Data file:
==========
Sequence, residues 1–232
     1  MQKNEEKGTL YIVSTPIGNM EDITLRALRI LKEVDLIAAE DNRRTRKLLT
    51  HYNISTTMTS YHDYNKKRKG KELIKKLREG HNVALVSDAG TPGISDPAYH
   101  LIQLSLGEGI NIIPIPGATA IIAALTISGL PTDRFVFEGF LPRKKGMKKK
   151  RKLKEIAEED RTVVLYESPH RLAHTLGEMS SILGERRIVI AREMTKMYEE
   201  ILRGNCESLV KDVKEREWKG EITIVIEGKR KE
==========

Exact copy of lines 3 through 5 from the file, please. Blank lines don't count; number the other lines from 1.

    51  HYNISTTMTS YHDYNKKRKG KELIKKLREG HNVALVSDAG TPGISDPAYH
   101  LIQLSLGEGI NIIPIPGATA IIAALTISGL PTDRFVFEGF LPRKKGMKKK
   151  RKLKEIAEED RTVVLYESPH RLAHTLGEMS SILGERRIVI AREMTKMYEE